At the ripe old age of 27, Adam Eskin already is starting a second career as a restaurateur. He had been an investment banker who traveled extensively researching private-equity opportunities in foodservice for Wexford Capital. A mentor at Wexford taught him a lot about what well-managed businesses looked like and inflamed the passion to one day own his own business. Being a loyal fan of The Pump, a five-unit, health-oriented fast-casual sandwich and salad chain right in his own backyard in New York City, Eskin studied the concept and created a business plan that compelled his bosses both to buy the brand and appoint Eskin to run it as chief executive. Along the way, Eskin hired Dan Fogarty, a marketing and branding veteran formerly with Chipotle, to reinvigorate the 10-year-old Pump’s market image and logo, first as a consultant, then as his full-time “consigliere.”
What turned you on about The Pump?
Well, I had been a longtime Pump fan and ate there regularly. While at Wexford, I researched investment opportunities in the restaurant industry looking for new concepts that could redefine a category. After looking at dozens, I kept coming back to The Pump. Nobody was doing what The Pump was doing. I saw that as a great opportunity.
So what was The Pump doing that no one else was doing?
The food. It was food that I ate all the time and understood. You couldn’t find it anywhere else, and there were legions of Pump fanatics.
It was a mom-and-pop operation with a very focused physical-fitness restaurant positioning. But the food was simple and good, and I just saw the opportunity that by making the place more accessible, people all over would be interested in it.
FAST FACTS HOMETOWN: Weymouth, Mass.EDUCATION: bachelor’s degree in economics, Brown UniversityPERSONAL: “happily single”INFLUENTIAL BOOK: “In Defense of Food,” by Michael PollanHOBBIES: working, working out and rooting for Boston’s Red Sox and Patriots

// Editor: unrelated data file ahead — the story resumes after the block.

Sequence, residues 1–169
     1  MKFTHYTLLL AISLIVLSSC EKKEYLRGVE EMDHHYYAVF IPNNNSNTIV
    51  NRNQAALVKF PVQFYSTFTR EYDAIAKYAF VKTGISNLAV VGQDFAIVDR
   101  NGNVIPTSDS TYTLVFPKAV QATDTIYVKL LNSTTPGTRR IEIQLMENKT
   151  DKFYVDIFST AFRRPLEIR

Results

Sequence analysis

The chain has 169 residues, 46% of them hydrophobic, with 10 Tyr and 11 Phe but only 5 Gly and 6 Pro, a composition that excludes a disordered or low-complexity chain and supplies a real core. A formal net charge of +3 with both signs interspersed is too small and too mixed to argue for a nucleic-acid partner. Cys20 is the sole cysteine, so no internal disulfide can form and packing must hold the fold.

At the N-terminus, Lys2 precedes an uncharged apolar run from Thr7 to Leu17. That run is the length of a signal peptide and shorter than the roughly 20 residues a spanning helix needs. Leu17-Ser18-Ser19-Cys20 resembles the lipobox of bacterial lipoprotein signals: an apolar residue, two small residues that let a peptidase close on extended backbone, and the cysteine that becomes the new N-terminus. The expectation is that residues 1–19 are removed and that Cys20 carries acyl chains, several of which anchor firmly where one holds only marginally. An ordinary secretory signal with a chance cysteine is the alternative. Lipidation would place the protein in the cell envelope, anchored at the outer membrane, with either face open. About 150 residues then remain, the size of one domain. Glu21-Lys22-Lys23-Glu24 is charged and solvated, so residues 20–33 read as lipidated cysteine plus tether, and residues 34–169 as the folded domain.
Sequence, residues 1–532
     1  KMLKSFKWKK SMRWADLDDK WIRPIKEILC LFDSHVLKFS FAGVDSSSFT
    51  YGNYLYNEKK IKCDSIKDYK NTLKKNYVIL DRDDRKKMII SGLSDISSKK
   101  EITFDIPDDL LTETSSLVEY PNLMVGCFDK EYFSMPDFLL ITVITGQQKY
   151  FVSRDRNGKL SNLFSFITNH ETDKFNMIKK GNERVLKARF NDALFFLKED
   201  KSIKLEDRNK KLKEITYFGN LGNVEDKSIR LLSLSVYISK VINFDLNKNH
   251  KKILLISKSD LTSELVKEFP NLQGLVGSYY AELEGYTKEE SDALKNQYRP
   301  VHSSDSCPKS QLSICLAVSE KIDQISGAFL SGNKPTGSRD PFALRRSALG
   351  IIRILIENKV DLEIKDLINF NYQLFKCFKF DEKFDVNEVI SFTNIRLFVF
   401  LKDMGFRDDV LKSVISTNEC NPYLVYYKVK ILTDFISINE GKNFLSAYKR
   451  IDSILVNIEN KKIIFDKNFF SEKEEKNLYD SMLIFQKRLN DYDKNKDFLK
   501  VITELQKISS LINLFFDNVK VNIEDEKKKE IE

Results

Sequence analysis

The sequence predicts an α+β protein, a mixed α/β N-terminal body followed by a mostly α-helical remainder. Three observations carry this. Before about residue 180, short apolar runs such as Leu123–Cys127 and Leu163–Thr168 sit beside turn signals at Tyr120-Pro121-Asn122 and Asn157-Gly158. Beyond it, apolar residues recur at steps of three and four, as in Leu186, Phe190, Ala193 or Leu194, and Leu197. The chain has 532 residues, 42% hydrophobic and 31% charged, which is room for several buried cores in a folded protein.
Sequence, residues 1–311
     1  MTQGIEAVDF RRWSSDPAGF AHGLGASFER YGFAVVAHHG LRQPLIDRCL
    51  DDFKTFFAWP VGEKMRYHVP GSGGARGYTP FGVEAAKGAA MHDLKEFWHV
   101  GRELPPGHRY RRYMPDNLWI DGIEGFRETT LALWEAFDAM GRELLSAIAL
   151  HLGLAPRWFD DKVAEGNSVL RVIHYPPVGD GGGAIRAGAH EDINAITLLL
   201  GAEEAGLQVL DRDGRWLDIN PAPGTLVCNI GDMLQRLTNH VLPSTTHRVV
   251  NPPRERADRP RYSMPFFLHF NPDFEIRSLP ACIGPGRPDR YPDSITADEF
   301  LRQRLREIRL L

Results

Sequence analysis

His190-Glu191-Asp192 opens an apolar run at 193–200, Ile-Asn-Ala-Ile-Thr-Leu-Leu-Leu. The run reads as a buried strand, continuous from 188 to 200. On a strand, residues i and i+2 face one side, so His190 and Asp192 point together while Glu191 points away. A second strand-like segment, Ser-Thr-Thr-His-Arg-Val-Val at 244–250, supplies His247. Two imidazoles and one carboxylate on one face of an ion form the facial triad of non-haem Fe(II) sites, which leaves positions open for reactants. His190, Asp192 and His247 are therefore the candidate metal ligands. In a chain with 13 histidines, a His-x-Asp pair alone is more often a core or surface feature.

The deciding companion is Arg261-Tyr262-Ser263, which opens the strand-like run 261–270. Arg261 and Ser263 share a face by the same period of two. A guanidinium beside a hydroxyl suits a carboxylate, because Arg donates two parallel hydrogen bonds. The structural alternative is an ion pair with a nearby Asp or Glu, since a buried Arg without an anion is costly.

HOMETOWN: Weymouth, Mass.EDUCATION: bachelor’s degree in economics, Brown UniversityPERSONAL: “happily single”INFLUENTIAL BOOK: “In Defense of Food,” by Michael PollanHOBBIES: working, working out and rooting for Boston’s Red Sox and Patriots
How did you meet Dan Fogarty, your marketing advisor?
Oddly and coincidentally. I knew all about Chipotle and its powerful brand from my travels. I kept hearing his name pop up. I Googled him, trying to find him.
Then coincidentally, one operations guy I was interviewing was a former Chipotle guy, too, and I got his cell phone. Oddly and coincidentally, he happened to have taken the summer off and was subletting a place in New York, right around the corner from where I live.
We met for coffee for an hour and the next day we started working together. He was a consultant for several months and finally joined us full time in May as “consigliere.”
The saying goes that people might eat healthy at home, but when they go out, they eat for indulgence and taste. How does The Pump fit into that?
Perhaps that saying might be a bit outdated, or maybe truer more for fine dining than the total eating-out category. In that category, people are often going out to celebrate, so they splurge. But in fast casual, we become part of everyone’s everyday ritual.
We get e-mails every day from people thanking us for doing what we do because they want to eat healthier, but find it hard to do so. Come visit our stores, there’s a line to the door every day. They come in for a cup of coffee and some whole-grain oatmeal in the morning, come back for lunch, then pop in for a protein shake in the afternoon.